Notre Dame de Namur University has taken several stabs at expanding the reach of its online master’s program in public administration. It worked with Deltak (an online program management provider now part of Wiley Education Services) to create the online version of its in-person program in 2012, and then brought management of the program in-house “after we learned how to manage the [learning management system] and technical aspects of the program,” said Hernan Bucheli, provost of the Roman Catholic institution in the San Francisco Bay Area.
Neither approach “has proven to be successful for growing the scale of that program,” Bucheli said.
Notre Dame de Namur officials believe Saint Leo’s expertise in marketing online programs and its nonprofit Benedictine status will help it succeed in “messaging a Catholic values-based program” to a broader audience in a way that neither a for-profit company nor Notre Dame de Namur itself could.
Plus, “we worked out a good agreement” with Saint Leo, Bucheli said, declining to share pricing details.
“Small independent Catholic institutions are stronger together than they are apart,” he said. “Collaborating together is really kind of key.”
Jeffrey Senese, Saint Leo’s president, couldn’t agree more. Its partnership with Notre Dame de Namur is just one of several the Florida university is exploring with other (mostly) faith-based institutions, primarily Catholic ones.
“I see higher education in a state of consolidation that is starting to occur,” Senese said. He notes that about 15 percent of the 230-odd Catholic universities in the United States have federal financial scores suggesting they could face trouble in the near future.
“We’re trying to be Catholic and Benedictine about” these arrangements, such that they are “mutual and not one-sided.” While the partnerships Saint Leo is exploring are in different realms, in most cases they leverage Saint Leo’s scale and experience to bolster the other colleges’ history or niche or location.
The partners get some capacity or expertise they didn’t have; Saint Leo gets “additional resources” to continue to carry out its own mission, Senese said. He too declined to provide details of the financial arrangement, saying only that it was much more favorable to Notre Dame de Namur than a corporate partner would be.
Bringing Different Things to the Table
Saint Leo went online more than 20 years ago, when its then president, Arthur Kirk, realized that doing so was essential if it was to maintain its prominent role educating military service members at remote learning centers. In 1997, it struck what was then an unusual deal with Bisk Education, an early player in what is now known as the online program management, or OPM, market. About a decade later, though, it brought all of the instructional design, marketing, recruiting and other services in-house, a move Inside Higher Ed profiled in 2011.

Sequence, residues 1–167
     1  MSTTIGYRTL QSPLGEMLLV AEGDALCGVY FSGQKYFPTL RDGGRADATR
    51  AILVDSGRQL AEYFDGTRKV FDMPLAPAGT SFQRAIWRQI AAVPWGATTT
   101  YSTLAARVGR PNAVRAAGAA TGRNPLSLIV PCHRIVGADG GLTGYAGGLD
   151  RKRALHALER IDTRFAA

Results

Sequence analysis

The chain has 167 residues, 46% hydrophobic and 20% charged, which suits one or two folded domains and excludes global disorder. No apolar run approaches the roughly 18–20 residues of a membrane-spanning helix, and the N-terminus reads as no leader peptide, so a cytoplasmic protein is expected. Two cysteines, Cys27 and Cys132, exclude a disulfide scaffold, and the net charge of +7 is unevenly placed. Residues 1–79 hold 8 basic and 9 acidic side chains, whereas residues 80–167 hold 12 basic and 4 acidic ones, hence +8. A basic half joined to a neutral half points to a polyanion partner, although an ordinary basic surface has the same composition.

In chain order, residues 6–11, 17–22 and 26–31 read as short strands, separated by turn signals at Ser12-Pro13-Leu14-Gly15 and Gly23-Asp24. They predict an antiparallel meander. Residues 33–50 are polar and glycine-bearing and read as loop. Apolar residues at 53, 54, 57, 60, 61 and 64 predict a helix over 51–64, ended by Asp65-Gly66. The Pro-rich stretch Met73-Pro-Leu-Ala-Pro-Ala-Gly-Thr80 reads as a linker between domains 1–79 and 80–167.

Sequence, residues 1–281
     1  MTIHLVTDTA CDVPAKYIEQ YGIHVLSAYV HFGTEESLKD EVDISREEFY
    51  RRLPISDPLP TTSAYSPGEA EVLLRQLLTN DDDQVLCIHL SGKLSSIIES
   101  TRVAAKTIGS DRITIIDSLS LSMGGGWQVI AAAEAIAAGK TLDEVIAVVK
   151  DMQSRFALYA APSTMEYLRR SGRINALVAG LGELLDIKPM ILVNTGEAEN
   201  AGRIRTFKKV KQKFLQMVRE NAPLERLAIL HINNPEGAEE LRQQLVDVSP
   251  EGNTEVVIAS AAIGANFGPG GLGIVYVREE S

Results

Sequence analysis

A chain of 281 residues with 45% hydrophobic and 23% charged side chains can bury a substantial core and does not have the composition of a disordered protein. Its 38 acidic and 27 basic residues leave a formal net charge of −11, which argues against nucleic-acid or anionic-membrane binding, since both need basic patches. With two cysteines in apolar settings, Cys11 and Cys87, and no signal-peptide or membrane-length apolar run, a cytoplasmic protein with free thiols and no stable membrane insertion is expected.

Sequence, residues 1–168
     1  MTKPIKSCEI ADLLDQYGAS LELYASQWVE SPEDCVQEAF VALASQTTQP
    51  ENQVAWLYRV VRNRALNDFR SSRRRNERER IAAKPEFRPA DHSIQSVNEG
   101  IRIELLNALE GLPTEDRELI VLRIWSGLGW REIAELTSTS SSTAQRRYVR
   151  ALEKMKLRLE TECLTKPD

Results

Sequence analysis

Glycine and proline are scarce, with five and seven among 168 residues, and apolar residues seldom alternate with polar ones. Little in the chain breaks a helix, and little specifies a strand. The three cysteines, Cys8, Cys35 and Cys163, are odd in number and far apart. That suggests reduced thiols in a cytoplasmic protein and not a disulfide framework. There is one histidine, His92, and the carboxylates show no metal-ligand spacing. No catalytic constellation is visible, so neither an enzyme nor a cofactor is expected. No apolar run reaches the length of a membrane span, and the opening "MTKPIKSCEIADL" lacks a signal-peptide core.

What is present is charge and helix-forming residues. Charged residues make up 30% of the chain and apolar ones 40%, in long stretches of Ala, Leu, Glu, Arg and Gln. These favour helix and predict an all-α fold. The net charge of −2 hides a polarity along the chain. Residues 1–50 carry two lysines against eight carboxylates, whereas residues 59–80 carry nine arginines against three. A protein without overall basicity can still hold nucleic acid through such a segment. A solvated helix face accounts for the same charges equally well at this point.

The university now has more than 60 online programs, which it supplements with 30 physical locations in seven states. Nearly another decade after it stopped outsourcing online services to a company, Saint Leo now wants to be outsourced to, but in what Senese said will be a very different way from the many corporate providers in the space.
“Part of our mission is to serve as a Catholic, Benedictine institution,” Senese said. “We’re a business and we need to make money, but we also need to serve. So these relationships are more advantageous to the other institutions than to us.”
That’s not to say Saint Leo doesn’t expect to derive meaningful benefits from the partnership, over and above whatever additional revenue it produces. Notre Dame de Namur’s location in Northern California is a draw, potentially giving Saint Leo access to an “area where we do not have a market presence now,” said Senese. “NDNU’s a 10th our size, but they have a strong market position, having been there 100 years.”
The fact that Saint Leo was not only a nonprofit but also a fellow Catholic institution was a clear draw for Notre Dame de Namur as it looked (again) for outside help trying to increase the reach of its online M.P.A., from its current 41 students to the roughly 200 to 250 it would like to have annually within five years. (The university also just joined the Council of Independent Colleges’ online course-sharing arrangement.)
“They obviously have expertise in online marketing and admissions,” said Bucheli, the Notre Dame de Namur provost. Saint Leo has about 300 admissions and financial aid counselors in its service centers in Tampa, Fla., and Las Vegas, while Notre Dame de Namur has four admissions officers.
But lots of places, corporate and nonprofit, have that expertise, Bucheli said. Saint Leo’s understanding of Catholic higher education should ensure that it knows how to attract students to a program offered by another such institution, he said, and Saint Leo’s large military student population could feed nicely into Notre Dame’s public administration master’s program.
The collaboration with Notre Dame de Namur on online learning is the first of its kind for the university — but is unlikely to be the last, said Melanie Storms, senior vice president at Saint Leo.
The university won’t team up with just anybody, though, she said. Saint Leo rejected partnerships with two other institutions, she said, one of them because it “didn’t have the same foundational values we have.”
“At the very foundation of these partnerships is that we’re seeking institutions that share a common set of values.”